Back to Journals » Research Reports in Clinical Cardiology » Volume 6

Clinical utility of landiolol for use in coronary CT angiography

Authors Tomizawa N, Hayakawa Y, Inoh S, Nojo T, Nakamura S

Received 12 September 2015

Accepted for publication 21 October 2015

Published 23 November 2015 Volume 2015:6 Pages 145—152


Checked for plagiarism Yes

Review by Single-blind

Peer reviewer comments 4

Editor who approved publication: Dr Richard Kones

Nobuo Tomizawa,1 Yayoi Hayakawa,1 Shinichi Inoh,1 Takeshi Nojo,1 Sunao Nakamura2

1Department of Radiology, 2Department of Cardiology, New Tokyo Hospital, Matsudo, Chiba, Japan

Abstract: Although remarkable advancement in computed tomography (CT) has been achieved, heart rate control is important to maintain an optimal image quality in coronary CT angiography. Oral or intravenous β-blockers are used as premedication for this purpose. Landiolol was developed as a β-blocker with very high cardioselectivity (β1/β2 =255) and short half-life (4 minutes). In this review, we report the pharmacological features and usage of landiolol and also its effects on heart rate and image quality in coronary CT angiography. In addition, we discuss the safety of landiolol.

Keywords: coronary computed tomography angiography, heart rate, image quality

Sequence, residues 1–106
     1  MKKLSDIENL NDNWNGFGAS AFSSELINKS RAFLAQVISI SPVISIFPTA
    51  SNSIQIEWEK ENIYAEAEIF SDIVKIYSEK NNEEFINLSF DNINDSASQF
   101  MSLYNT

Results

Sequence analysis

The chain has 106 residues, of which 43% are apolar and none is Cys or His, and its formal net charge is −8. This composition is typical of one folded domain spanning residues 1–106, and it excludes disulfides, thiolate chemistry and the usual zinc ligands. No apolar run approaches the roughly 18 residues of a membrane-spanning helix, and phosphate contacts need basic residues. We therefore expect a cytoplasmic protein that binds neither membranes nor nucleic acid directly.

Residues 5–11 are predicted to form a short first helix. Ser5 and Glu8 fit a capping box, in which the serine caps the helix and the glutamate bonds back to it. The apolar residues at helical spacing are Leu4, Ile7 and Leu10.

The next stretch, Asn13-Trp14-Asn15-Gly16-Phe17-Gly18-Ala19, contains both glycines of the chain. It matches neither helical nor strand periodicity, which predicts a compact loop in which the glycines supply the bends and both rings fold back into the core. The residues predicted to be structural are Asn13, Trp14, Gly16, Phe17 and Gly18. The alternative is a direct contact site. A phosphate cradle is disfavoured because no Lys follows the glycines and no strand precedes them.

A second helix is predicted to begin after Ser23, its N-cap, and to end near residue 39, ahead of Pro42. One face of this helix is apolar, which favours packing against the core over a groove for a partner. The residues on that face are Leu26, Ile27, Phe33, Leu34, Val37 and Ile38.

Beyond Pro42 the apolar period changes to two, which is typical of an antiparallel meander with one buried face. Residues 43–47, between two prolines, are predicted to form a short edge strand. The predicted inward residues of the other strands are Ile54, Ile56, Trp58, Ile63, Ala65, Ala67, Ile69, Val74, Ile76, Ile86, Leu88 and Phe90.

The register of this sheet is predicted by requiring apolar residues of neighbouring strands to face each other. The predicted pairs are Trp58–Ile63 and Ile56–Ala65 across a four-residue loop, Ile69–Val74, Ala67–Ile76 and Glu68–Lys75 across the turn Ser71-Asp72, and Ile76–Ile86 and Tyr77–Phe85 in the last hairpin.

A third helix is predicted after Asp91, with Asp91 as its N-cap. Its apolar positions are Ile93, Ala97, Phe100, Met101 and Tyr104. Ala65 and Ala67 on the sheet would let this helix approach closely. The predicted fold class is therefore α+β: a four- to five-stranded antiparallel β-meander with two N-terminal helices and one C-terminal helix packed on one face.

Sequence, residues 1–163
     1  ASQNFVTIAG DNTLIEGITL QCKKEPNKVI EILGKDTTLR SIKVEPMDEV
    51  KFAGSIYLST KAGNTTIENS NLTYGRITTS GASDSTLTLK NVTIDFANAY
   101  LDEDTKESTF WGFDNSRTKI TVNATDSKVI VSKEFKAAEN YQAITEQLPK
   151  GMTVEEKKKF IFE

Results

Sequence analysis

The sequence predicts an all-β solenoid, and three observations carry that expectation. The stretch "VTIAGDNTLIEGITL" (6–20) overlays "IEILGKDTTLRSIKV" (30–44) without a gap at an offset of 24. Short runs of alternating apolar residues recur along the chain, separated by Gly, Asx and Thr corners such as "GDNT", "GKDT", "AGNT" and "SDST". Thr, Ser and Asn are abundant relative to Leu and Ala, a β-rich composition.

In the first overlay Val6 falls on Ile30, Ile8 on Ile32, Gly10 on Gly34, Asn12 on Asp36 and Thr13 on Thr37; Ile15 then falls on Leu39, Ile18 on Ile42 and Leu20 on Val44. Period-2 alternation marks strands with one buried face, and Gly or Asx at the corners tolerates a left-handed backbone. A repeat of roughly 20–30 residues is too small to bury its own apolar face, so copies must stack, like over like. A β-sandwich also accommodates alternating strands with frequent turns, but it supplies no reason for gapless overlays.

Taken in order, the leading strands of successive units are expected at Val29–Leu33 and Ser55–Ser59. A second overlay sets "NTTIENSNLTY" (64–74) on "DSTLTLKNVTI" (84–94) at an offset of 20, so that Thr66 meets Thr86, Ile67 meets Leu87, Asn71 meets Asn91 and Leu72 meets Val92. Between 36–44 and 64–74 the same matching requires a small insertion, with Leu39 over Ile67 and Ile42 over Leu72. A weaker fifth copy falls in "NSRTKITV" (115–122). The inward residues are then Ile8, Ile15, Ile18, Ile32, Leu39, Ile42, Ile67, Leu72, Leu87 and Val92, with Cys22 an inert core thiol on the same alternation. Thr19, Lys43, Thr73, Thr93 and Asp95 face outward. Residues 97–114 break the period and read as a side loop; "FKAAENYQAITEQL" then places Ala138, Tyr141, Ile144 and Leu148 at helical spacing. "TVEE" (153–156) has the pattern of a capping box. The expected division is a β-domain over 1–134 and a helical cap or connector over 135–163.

The application of coronary computed tomography (CT) angiography as a tool for the diagnosis of coronary artery disease (CAD) has become widespread owing to its high diagnostic performance.1 Although remarkable advancement in CT has been achieved, heart rate control is highly important to maintain an optimal image quality.2 A stable heart rate lower than 65 beats per minute (bpm) is recommended when a typical CT scanner is used during coronary CT angiography.3,4 Oral or intravenous β-blockers are used in order to achieve an optimal heart rate during the scan.5 Oral metoprolol or propranolol is typically given as a premedication as it is most effective at 1 hour after administration.6 Intravenous β-blockers are used when heart rate control on site is not enough. Hence, urgent heart rate reduction is necessary. However, the long half-life of intravenous metoprolol or propranolol (approximately 2–3 hours) is a shortcoming of these agents711 because patients need to be observed for some time after coronary CT examination is performed. In addition, metoprolol has a low β1-selectivity and propranolol displays no significant β-adrenergic selectivity.12 This raises a concern regarding adverse effects such as peripheral vasoconstriction or bronchospasm induced by the β2-blocking effect.5,7 Thus, a β-blocker with a short half-life and high cardioselectivity is ideal to use as an intravenous β-blocker for coronary CT angiography.